Hope Springs from a Traditional Marriage?

Who invented the one partner for life rule? And why?

If you’re of the old school, you may well have been happily married for decades… but for Kay (Meryl Streep) and Arnold (Tommy Lee Jones), things are a bit stale after 31 years together. Kay would like to spice up her marriage and reconnect with her husband, who seems to spend most of his time perfecting his golf swing in front of the television. “It’s like being married to ESPN,” she says. Plus, they sleep in separate rooms – afraid to even touch each other.

Remarkably, Kay manages to persuade Arnold to join her on a course with couples therapist (Steve Carrell) in the small town of Great Hope Springs, where they are given a series of exercises (or did the therapist say sexercises?) to carry out.

The body language is hilarious – the Econolodge ‘no-smoking’ sign plays a prominent role in one of the bedroom scenes. Kay reads ‘Sex Tips for a Straight Woman from a Gay Man,’ while Arnold fantasizes about a threesome with Carol with the corgis from across the street.

Hope Springs – released on 14th September and directed by David Frankel, of The Devil Wears Prada fame – offers a light-hearted, if formulaic, portrayal of how to overcome loneliness in a marriage ( being light-hearted and formulaic are, I suppose, key factors affecting the survival of a long term relationship).

But is it possible to change a marriage? And how?

Fifty Shades of Grey (I’ve almost finished third and last volume… laters baby) presents in some respects the antithesis of an old fashioned union – and has apparently been responsible for spicing up some couples’ sex lives. Yet it also explores the feelings of confusion and isolation that can occur in any relationship.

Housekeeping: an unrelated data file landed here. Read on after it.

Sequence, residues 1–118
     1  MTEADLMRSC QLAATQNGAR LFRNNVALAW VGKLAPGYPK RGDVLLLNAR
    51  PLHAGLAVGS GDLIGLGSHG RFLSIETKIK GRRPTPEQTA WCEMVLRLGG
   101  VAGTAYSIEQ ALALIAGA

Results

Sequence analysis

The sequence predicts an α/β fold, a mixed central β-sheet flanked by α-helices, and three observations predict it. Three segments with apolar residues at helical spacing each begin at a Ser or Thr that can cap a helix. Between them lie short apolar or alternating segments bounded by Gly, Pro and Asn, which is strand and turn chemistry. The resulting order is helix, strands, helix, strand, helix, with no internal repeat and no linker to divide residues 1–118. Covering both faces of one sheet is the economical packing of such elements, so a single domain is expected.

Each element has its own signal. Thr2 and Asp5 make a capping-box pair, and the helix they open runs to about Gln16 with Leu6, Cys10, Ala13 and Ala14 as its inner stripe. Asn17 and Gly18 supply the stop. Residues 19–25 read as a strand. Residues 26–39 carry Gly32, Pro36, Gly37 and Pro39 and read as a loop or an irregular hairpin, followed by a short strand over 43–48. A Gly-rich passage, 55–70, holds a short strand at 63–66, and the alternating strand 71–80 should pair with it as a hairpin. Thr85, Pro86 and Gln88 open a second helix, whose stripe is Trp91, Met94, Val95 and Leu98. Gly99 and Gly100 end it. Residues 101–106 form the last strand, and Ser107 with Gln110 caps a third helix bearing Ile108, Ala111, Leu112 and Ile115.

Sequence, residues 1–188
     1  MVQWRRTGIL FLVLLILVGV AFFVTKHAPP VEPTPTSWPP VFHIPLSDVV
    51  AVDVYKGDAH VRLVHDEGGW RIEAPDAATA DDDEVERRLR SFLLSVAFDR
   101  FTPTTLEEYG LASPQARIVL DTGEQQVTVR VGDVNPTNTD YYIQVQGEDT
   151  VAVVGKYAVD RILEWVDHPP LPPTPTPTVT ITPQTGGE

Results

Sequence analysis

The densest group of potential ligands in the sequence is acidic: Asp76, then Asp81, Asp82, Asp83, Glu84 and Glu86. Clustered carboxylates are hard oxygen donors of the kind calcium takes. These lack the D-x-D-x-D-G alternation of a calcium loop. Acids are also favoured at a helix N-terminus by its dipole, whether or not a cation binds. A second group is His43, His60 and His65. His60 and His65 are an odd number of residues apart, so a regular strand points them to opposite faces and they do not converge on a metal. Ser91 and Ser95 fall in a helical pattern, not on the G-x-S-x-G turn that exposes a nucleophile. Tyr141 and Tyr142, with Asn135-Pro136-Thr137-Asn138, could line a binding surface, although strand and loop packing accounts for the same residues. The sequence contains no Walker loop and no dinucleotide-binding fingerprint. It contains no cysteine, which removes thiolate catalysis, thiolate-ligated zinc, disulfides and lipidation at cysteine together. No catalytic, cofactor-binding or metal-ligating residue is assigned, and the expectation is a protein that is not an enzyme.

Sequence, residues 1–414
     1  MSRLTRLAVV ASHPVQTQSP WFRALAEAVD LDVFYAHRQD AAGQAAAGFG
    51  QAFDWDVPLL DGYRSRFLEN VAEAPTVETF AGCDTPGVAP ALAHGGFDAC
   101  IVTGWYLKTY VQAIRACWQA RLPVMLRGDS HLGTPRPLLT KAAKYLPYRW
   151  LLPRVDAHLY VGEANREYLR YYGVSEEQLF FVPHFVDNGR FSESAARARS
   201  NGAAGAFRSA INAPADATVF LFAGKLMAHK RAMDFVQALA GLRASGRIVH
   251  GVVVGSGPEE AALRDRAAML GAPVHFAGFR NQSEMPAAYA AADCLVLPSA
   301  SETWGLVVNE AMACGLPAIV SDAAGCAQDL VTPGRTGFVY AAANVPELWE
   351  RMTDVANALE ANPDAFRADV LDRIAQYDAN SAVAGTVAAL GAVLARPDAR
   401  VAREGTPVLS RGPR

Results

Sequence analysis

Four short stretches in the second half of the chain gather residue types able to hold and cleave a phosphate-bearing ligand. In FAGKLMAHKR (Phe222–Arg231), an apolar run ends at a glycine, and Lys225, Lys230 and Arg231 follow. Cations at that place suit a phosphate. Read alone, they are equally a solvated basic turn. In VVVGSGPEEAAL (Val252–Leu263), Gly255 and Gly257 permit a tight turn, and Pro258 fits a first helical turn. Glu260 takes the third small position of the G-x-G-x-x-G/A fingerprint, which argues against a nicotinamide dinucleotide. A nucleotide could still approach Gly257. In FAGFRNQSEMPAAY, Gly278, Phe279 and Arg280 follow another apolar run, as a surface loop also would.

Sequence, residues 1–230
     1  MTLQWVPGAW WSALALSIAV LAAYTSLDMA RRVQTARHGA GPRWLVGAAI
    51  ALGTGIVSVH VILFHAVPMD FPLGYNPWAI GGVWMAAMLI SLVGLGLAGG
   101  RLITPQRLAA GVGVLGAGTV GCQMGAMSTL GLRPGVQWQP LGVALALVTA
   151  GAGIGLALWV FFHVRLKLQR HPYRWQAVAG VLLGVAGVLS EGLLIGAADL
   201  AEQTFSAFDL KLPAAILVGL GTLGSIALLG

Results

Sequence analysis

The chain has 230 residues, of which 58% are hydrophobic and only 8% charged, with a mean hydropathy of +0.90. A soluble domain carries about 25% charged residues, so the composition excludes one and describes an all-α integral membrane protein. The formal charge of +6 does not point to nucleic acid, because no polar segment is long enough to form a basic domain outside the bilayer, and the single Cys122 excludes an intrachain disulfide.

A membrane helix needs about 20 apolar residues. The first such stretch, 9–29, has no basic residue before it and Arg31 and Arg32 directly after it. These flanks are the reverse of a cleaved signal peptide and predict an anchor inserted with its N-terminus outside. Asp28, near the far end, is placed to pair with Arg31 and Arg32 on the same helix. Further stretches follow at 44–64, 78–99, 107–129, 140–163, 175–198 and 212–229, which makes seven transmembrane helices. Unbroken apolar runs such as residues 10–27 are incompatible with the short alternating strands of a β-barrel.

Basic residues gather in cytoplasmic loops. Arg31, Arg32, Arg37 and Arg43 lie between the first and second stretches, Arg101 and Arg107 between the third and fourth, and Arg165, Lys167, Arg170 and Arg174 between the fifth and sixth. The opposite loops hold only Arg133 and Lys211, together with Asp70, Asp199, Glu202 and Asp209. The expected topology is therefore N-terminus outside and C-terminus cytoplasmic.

In our aggressively consumerist society, we tend to question everything, reducing our chance of a satisfying outcome. The idea of one partner for life seems outmoded, perhaps even obsolete, when there is always imagined to be something better around the corner.

But is there?

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About Author Profile: Susan Muncey

Trend consultant Susan Muncey, is Editor of Visuology Magazine. In 2008, she founded online curiosity shop, ShopCurious.com. She writes on style and trends for several blogs, including Visuology.com, ShopCuriousMag.com and The Dabbler. She previously owned cult West London boutique, Fashion Gallery, one of the first concept stores in the world. Susan graduated in geography from Cambridge University and is also an Associate Member of the CFA Institute. She lives in London with her husband.

14 thoughts on “Hope Springs from a Traditional Marriage?

  1. johngjobling@googlemail.com'
    September 8, 2012 at 10:07

    Having been around the joint since Lloyd George sat on a horse, or at least it seems that long, I have witnessed the full gamut, should never have got together in the first place, No1 spot. Caught out with the secretary / local vicar / pool guy / barmaid, No2 spot. Newly empty nested, never could stand you face, No20 spot.
    At some point in the next decade the media will re-discover the benefits of fidelity and trumpet loudly.

    It’s the catalogue of petty lies and deceit that accompany the above that is so sad, plus the adoration of people who are basically rats, Clinton, Kennedy et al.

    Since you ask, 47 years, the secret? who knows, I just work here.

  2. maureen.nixon@btinternet.com'
    September 8, 2012 at 10:28

    39 years for Brit Senior and me. Malty sums it all up very well – we just work here, too.

  3. finalcurtain@gmail.com'
    September 8, 2012 at 12:15

    43 years at the masthead – and counting.
    I too work here. But I play too.

  4. peter.burnet@hotmail.com'
    September 8, 2012 at 12:29

    Perhaps the attitude of a lot of “middle-aged” (love that euphemism) couples can be analogized to that of the Nancy Mitford character respecting reading: “I’ve only read one book in my life–White Fang. It was so frightfully good I never wanted to read another.”